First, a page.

On 17th February 2022, One Future Collective hosted a live on the theme “The Hijab, Muslim Women’s Freedom and Leading for Change”, where Karishma Shafi, Senior Program Officer at One Future Collective acted as the Moderator and was joined by Shaziya Shaikh, communications professional, a writer, and a creative facilitator and Fatima Juned, Research Associate at a policy think tank based in Delhi. The conversation navigated through the everyday experiences of people with intersectional identities through the lens of Muslim womxn. Especially what happens to the everydayness of marginalization in the face of extraordinary violence.
Karishma started the conversation by talking about how we view minorities through pigeon holes, where each identity has a separate hole. Being a woman and being Muslim are viewed separately, instead of looking at their overlap in life. They set the tone of the conversation to focus on the intersectionality of these identities. Shaziya points out how intersectionality appears in layers in her daily life, as more layers keep adding, it becomes more restrictive. There’s a layer of being a woman, another of being a Muslim woman, and then another of being a queer Muslim woman.
The conversation delved into how Muslims are perennially aware of their appearance in public- a decision on how ‘Muslim’ they want to look in public is made every day, now more than ever. The Hijab row has come to affect the entire community – an act of extremism under the guise of protection. Structural violence creates unequal spaces within the community. Karishma says, ‘I fear presenting this identity because my words will be challenged.’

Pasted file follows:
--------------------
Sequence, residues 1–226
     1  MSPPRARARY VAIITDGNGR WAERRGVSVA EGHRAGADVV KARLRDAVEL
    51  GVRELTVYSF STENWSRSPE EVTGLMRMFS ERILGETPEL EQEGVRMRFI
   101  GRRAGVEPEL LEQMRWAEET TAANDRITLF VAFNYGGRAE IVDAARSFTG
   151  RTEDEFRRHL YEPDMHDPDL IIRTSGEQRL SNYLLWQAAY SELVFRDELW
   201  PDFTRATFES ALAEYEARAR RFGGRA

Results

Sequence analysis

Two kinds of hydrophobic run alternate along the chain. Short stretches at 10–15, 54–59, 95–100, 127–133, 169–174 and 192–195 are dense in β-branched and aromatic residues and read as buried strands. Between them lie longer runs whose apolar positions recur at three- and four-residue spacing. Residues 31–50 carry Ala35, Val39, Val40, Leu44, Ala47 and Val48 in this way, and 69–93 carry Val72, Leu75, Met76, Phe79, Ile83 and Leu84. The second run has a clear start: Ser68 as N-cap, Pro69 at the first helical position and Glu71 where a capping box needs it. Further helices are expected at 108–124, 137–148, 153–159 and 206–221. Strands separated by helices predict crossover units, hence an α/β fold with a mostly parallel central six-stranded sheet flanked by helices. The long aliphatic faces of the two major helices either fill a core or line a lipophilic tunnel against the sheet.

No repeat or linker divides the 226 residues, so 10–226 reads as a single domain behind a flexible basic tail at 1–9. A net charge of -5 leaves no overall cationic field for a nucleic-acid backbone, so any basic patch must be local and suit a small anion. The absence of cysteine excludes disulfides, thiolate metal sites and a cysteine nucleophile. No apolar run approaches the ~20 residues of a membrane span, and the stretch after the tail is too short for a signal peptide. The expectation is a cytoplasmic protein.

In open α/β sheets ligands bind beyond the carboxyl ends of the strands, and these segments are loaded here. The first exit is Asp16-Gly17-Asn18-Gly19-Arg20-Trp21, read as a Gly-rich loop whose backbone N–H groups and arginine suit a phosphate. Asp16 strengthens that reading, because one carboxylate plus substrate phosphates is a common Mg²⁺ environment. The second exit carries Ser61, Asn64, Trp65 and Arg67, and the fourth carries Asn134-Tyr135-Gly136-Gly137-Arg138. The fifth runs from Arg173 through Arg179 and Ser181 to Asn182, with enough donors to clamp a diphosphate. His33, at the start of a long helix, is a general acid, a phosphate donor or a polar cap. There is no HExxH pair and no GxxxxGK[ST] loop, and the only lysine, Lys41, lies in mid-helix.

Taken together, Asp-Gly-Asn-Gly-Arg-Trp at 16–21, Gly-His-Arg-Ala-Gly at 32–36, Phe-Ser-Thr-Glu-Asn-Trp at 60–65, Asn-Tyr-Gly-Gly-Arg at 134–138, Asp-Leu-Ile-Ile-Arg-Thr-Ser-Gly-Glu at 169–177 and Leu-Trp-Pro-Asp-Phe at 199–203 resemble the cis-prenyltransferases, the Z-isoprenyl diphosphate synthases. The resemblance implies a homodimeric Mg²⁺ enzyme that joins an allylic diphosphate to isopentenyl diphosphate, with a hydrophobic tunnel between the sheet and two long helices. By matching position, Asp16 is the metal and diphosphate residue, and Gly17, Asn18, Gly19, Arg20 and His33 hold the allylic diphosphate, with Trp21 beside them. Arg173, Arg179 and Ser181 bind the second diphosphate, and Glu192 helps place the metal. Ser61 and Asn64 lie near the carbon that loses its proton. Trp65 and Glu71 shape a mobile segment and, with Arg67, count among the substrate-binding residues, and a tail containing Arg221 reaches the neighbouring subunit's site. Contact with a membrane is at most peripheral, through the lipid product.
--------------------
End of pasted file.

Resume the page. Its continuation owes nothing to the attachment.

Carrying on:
The panellists discussed how targeting Muslims is no new event in this current regime – The hijab row is one among many but with grave repercussions. For those working in the development sector, it is going to become harder convincing Muslim women of their basic rights. The sights publicized from the last few weeks will have an indelible impact. A Muslim girl stopped from entering an educational institution will make others correlate hijab with denial and violence.
They point out the importance of showing solidarity for those who exist in able spaces and for Muslims to celebrate their identity and whatever form it takes. On some days it’s basking in Muslim joy and on others, it’s collecting petitions and wearing your hijab proudly.
The Idea of the hijab, they discuss, may have patriarchal roots but ideally must be a choice one makes as an adult, that the hijab has numerous cultural embeddings.
They highlight the importance of knowing your constitutional right. Education is one way to bridge that gap. As are more conversations around the current intolerance and countering it. ‘If we don’t counter out of fear, then it will keep happening. They will feel whatever they say is correct’, says Fatima.
The panels agree that the most effective way to combat hate and othering is to include more people and what their experiences are in their day to day life. Forming safe communities is monumental- not just a Muslim community but with others. This way the focus is not primarily on differences.
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